Factory apprenticeship is the latest model from Germany, reports the New York Times. After the first 60 workers were hired at BMW’s South Carolina factory, “it seemed like we had sucked up everybody who knew about diesel engines,” said Joerg Klisch, vice president for North American operations of Tognum America. The factory needs workers who can repair robots and operate computers.
Tognum has created an apprenticeship program in partnership with local high schools and a career center.
“South Carolina offers a fantastic model for what we can do nationally,” said Ben Olinsky, co-author of a forthcoming report by the Center for American Progress, a liberal Washington research organization, recommending a vast expansion in apprenticeships.
In Germany, apprentices divide their time between classroom training in a public vocational school and practical training at a company or small firm. Some 330 types of apprenticeships are accredited by the government in Berlin, including such jobs as hairdresser, roofer and automobile electronics specialist. About 60 percent of German high school students go through some kind of apprenticeship program, which leads to a formal certificate in the chosen skill and often a permanent job at the company where the young person trained.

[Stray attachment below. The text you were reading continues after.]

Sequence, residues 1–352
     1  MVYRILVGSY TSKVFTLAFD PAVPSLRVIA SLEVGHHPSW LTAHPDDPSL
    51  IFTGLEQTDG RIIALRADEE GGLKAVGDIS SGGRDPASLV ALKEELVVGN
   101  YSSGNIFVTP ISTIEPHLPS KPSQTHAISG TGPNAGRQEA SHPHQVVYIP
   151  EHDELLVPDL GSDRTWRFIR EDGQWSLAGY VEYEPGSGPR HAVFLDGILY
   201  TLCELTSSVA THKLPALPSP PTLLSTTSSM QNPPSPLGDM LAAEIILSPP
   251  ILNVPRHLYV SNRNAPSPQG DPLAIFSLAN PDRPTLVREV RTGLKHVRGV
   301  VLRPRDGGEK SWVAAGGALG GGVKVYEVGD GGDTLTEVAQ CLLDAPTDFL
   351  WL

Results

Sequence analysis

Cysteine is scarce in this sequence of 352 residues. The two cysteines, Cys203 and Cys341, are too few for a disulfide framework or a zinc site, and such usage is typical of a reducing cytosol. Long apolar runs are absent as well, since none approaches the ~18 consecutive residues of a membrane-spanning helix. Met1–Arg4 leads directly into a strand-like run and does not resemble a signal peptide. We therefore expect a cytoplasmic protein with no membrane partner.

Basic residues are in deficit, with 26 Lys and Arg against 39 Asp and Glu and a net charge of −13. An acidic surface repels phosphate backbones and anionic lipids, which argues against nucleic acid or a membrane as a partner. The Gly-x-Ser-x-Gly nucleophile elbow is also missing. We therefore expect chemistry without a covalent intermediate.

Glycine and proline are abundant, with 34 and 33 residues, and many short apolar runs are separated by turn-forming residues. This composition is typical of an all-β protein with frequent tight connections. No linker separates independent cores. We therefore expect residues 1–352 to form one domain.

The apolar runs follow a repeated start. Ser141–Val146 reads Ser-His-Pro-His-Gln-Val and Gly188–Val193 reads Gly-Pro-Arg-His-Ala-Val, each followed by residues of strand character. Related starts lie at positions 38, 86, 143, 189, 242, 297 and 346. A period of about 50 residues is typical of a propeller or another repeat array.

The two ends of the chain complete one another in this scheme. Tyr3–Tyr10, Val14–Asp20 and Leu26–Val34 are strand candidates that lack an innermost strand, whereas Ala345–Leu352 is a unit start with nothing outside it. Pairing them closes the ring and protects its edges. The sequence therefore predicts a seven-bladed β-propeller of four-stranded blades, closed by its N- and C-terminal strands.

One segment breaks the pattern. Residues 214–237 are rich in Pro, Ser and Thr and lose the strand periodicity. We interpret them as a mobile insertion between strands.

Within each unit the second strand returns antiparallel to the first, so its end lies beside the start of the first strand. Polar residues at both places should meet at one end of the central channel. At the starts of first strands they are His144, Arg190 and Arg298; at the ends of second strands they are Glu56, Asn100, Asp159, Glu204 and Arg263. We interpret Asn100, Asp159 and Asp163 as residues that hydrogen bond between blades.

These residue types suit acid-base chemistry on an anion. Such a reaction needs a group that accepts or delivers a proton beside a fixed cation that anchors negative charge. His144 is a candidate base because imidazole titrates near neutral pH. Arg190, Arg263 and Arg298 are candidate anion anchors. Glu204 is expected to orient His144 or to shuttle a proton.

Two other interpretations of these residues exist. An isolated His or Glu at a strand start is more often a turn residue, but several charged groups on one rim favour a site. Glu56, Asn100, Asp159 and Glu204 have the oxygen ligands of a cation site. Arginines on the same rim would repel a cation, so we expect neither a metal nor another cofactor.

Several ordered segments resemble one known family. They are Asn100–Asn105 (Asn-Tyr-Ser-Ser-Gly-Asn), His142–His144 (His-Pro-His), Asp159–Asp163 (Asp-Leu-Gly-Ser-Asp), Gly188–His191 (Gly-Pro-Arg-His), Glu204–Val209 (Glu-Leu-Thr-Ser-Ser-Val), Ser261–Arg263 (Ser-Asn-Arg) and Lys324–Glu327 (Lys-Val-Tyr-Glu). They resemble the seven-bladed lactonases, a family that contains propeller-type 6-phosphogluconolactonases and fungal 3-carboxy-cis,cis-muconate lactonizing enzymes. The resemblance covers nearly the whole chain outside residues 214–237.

In the U.S., apprenticeships face obstacles from left and right, reports the Times. “School officials were wary of allowing a private company to dictate the curriculum,” while employers feared apprenticeships meant unions.
Young people in their 20s and 30s can apply to be BMW Scholars. They study full-time at local technical colleges for two years while working in the BMW factory for 20 hours a week.
Apprenticeship closes the skills gap, writes Mary Alice McCarthy, a New America Foundation policy analyst, on EdCentral. But many employers aren’t willing to develop new workers’ skills.
Instead, employers wait for the perfect job candidate, reports Time in The Real Reason Recent Grads Can’t Get Hired. Companies say they can’t find “team players, problem solvers [who] can plan, organize and prioritize their work.”
Business has shifted the onus of skills development almost entirely onto job seekers” and local education providers, writes McCarthy.
Young workers in the 1970s received an average of 2.5 weeks of training per year. By contrast, a 2011 survey of employees and employers by Accenture revealed that only 21% of workers had received any formal training in the last five years.
Young people need the chance to learn on the job “how to navigate an organization, manage a work project, communicate effectively with colleagues, supervisors, and clients and solve work-specific problems,” McCarthy writes.